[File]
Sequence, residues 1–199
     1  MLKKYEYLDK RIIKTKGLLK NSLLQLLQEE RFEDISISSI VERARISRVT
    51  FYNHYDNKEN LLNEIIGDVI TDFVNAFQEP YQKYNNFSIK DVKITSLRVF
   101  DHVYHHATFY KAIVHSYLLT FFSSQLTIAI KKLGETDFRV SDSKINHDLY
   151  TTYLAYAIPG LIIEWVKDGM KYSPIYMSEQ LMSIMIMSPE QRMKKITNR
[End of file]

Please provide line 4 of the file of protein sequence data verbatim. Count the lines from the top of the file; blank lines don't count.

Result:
   101  DHVYHHATFY KAIVHSYLLT FFSSQLTIAI KKLGETDFRV SDSKINHDLY